Face detection Single Autofocus does a good job of identifying and focusing on faces quickly. However, if any of your subjects turns away slightly, the camera isn't adept enough to recognize individuals' profiles as 'faces.' The 'background' mode seems to be multi-point, so if you have multiple faces in a scene, you don't have any reticle on-screen to select a face with. This method of face detection is arguably less valuable than on Sony cameras, for example, where face detection can be enabled as an add-on with any area mode. So on a Sony system, it's possible to utilize face detect in single-point mode, and use that single-point to select the face on which to focus.
Touch AF works well with the touchscreen, allowing you to poke directly where you want the Q to acquire focus, which it promptly does. The problem is that, should you just want to use the touchscreen just for ease of autofocus placement, you cannot force the camera to reacquire focus at that point with a half-press of the shutter. You must touch the screen again to force the camera to reacquire focus. Additionally, if you raise the camera to your eye to use the EVF and want to change the position of the autofocus point, both the touchscreen and the four-way controller are disabled and won't move the point. For obvious reasons, this behavior is really annoying, and so Touch AF is actually best avoided for most shooting scenarios.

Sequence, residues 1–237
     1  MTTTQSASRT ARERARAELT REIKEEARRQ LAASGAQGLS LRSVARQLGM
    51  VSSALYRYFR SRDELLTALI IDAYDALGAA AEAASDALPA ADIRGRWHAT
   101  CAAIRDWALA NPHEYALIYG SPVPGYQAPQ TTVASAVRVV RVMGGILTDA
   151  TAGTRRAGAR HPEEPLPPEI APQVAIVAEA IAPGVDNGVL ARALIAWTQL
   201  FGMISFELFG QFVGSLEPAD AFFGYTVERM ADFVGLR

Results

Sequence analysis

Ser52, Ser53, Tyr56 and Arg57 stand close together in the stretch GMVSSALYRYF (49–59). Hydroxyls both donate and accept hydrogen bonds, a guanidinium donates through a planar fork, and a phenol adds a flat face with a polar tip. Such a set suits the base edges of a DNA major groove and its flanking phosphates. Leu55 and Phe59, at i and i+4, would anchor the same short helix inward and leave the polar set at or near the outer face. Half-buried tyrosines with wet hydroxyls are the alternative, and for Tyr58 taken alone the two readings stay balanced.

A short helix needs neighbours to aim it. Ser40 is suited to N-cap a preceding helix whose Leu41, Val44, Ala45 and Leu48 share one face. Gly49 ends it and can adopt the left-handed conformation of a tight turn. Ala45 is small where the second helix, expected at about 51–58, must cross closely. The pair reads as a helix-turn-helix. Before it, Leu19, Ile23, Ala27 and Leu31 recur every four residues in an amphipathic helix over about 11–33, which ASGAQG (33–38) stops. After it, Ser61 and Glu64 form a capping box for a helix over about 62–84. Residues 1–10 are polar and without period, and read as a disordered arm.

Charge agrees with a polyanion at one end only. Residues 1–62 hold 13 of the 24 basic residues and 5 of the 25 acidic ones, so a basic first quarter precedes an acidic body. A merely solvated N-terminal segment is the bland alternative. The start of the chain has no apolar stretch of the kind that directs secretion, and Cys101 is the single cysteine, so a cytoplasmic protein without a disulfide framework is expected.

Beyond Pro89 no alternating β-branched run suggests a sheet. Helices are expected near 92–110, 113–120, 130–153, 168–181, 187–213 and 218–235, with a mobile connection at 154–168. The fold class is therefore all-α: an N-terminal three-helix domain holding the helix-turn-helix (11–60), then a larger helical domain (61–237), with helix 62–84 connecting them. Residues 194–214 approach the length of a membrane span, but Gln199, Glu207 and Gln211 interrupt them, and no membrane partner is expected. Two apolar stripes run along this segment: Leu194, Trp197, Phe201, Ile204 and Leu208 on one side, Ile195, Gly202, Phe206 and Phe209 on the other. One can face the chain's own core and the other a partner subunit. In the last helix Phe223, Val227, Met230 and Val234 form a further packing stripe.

Touch and release, oddly, doesn't exhibit exactly the same behavior. It focuses where you touch, then snaps a photo, and if you half-press the shutter, it does reacquire focus on the spot where you touched. As with Touch-AF, though, you can't fine-tune the autofocus point location with the four-way controller, or with the screen if you have the camera to your eye. You have to touch-and-release again. Another mode best avoided, unless of course you're shooting from an odd angle that makes the shutter button difficult to reach.
Continuous autofocus performance
Now for the continuous AF modes that are actually continuous.
Single-point continuous autofocus works reliably, and very well. If you can keep your autofocus point over your subject (which may compromise your composition), the camera will have no problem keeping up with a moving subject. As is typical of CDAF systems, there is incessant hunting if your subject isn't moving. Take a look at the rollover below.
Multi-point continuous autofocus exhibits the same behavior, but is somewhat less usable. After showing where it has acquired focus with a number of green AF-point boxes on-screen, the boxes will disappear and the Q will continue focusing and hunting - but you can't really tell what it's focusing on anymore without the on-screen boxes. Is there one point its favoring over others? Beats me.
Face detection continuous autofocus works with the same caveats as in Single AF, only now it will be hunting back and forth before you hit the shutter and it locks down focus.
Given good light levels, the tracking option sticks to a subject with tenacity, but has trouble keeping up with rapid movement. It's best suited to single-shot modes rather than continuous drive, and in fact, is a better option even than face detection in our view. Place your point over an individual's face, and because it uses fairly robust scene analysis to track, it will stick to that face even if an individual turns mostly away.
Summary and setup
The sum of all these findings is a fairly simple one. With the camera in its current state (firmware updates could conceivably improve upon most of the performance findings here), it's best to keep the camera in Single AF and either single-point or multipoint configurations, depending on your taste. Our preference is to use single-point and use the four-way controller to move the autofocus point around. In this configuration the Leica Q is so fast and so responsive that, unless you're shooting fast-moving and erratic subjects, you probably won't miss continuous autofocus at all. We usually didn't.